It’s really no surprise that special attention needs to be paid to top power network quality to ensure smooth operation of such a sophisticated system optimized for self-consumption. This is because in a situation where several consumers switch on and off with high loads in a power network, we have the threat of “network impurities” caused by the harmonics appearing during switching or controlling. This may sound harmless, but it can indeed shake up the entire network, since disruptions of individual devices can add up in the network. The result is light flickering, sensors do not operate correctly anymore, fuses fall out.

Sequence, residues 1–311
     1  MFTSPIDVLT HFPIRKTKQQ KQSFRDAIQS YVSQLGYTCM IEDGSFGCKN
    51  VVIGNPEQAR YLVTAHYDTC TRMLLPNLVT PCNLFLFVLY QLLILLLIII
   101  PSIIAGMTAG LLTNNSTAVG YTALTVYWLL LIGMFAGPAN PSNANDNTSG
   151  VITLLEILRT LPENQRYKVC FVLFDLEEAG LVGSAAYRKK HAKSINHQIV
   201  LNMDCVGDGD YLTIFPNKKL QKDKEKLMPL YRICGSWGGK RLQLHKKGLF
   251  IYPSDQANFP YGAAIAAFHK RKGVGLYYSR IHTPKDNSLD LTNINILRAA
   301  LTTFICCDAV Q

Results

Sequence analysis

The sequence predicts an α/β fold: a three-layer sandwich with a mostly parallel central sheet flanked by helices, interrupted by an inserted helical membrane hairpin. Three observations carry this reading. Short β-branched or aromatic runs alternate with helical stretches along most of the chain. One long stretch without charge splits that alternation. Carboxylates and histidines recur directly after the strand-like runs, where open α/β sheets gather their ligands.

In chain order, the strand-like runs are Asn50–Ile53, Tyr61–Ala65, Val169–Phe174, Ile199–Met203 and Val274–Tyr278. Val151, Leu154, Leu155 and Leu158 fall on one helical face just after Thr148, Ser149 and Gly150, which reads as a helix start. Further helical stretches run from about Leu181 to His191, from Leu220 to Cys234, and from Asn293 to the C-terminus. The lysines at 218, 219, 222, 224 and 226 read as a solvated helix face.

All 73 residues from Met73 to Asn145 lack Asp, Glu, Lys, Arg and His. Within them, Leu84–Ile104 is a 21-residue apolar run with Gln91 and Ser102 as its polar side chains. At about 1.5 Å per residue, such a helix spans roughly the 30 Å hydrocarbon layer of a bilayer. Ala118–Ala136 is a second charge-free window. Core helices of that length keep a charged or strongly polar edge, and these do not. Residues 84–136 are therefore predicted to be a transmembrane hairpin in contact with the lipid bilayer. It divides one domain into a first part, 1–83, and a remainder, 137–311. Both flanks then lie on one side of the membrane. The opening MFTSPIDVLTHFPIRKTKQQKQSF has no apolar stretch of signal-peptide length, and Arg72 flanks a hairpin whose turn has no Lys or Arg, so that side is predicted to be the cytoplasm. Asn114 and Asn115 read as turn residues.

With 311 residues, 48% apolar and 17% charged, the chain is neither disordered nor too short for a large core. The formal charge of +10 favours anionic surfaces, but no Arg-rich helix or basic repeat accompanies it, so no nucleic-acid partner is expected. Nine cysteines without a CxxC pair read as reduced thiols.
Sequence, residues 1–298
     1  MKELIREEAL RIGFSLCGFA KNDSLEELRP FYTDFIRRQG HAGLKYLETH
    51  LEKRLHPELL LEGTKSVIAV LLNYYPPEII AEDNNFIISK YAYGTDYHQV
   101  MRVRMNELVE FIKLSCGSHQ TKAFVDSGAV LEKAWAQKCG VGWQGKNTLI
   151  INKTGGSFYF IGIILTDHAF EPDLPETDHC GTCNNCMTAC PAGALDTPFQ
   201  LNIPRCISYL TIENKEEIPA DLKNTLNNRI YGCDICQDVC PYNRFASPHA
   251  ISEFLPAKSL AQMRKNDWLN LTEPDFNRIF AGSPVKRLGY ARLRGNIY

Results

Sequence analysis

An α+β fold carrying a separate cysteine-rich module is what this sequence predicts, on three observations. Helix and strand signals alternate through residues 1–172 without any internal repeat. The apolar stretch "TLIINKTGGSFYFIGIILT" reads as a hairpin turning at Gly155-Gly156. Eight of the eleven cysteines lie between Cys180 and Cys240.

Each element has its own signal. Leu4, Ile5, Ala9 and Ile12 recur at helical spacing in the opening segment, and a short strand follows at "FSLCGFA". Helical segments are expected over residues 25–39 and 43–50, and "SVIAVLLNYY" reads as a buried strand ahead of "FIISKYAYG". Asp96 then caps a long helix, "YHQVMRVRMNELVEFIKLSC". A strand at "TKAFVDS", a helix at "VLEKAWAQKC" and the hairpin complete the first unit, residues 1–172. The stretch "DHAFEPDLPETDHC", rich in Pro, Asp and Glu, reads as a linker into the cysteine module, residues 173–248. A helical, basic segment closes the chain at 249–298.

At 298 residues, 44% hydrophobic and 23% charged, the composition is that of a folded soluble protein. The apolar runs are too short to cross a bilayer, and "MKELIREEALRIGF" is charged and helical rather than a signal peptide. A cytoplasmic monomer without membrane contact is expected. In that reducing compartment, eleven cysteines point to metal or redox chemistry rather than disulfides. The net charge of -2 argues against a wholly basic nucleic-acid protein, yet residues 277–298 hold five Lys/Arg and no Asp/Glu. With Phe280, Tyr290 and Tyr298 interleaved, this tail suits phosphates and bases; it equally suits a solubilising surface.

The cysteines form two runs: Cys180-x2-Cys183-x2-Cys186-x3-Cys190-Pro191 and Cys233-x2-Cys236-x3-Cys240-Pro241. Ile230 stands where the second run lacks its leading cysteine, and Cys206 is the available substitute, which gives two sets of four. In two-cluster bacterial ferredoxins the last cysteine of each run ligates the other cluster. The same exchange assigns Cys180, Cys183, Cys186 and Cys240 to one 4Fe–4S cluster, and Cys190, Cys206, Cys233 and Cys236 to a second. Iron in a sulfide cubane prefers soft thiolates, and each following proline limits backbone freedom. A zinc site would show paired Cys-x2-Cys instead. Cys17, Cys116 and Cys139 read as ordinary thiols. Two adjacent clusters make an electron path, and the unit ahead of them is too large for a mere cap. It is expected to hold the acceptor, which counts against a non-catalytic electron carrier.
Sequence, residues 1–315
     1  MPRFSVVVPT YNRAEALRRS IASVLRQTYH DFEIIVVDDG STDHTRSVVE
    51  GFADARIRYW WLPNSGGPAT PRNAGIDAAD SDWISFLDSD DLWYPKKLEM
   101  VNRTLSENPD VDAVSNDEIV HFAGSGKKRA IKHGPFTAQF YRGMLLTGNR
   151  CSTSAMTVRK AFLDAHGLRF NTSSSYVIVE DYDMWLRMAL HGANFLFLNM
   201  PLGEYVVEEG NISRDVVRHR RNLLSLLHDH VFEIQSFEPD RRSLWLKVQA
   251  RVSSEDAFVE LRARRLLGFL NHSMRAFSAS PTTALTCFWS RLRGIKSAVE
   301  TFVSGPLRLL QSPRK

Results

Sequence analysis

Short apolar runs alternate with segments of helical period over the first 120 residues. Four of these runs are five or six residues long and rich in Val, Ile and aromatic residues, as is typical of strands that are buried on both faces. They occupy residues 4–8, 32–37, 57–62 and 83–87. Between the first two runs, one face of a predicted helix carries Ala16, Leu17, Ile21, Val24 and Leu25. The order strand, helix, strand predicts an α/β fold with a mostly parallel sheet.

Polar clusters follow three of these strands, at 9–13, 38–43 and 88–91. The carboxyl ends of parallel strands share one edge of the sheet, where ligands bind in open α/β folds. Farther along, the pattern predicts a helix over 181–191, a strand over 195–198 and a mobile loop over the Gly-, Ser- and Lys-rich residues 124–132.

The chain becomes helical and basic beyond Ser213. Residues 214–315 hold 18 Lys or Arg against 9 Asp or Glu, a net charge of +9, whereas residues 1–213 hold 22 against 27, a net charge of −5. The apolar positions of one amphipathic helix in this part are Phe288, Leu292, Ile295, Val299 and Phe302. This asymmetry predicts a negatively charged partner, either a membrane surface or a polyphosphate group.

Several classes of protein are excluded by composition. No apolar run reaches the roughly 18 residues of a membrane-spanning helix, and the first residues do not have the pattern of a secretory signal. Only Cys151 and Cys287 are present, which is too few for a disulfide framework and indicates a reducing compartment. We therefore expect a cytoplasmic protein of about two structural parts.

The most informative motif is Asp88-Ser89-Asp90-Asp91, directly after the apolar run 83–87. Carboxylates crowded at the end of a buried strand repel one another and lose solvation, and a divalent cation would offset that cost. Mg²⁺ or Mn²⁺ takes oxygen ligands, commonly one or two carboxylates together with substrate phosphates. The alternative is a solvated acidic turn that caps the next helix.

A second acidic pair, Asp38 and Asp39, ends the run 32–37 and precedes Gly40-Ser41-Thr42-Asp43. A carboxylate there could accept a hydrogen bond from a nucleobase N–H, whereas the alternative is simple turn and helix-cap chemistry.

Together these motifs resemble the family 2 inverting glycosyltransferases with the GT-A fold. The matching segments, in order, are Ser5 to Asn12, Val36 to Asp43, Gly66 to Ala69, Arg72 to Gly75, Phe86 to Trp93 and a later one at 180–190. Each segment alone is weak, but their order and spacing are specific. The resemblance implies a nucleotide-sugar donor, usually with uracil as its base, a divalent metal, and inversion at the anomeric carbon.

Without any countermeasures, the undesired fluctuations will impact network stability throughout the company site, which is why energy suppliers cannot tolerate such network impurities and therefore put pressure on their customers to rectify the cause. Such was the case at Stadtwerke Trier as well; following an analysis of the network, an active harmonics filter that should have eliminated the problems was acquired in 2018. However, this central filter proved to be insufficient to block disruptions within the network. ‘A number of power supplies and generators at our Sludge Pumping Station 2 broke down at the time,’ recalls Volker Lex, who is responsible for the electrical measurement, control and regulation technology in automation engineering at Stadtwerke Trier. The reason was the required pretreatment of the sludge to increase sewage gas production. Ultrasonic waves crush the sludge slowly flowing in the pipes on the way to the digestion tower, yet this “disintegration” of the sludge generated local harmonics in the power network.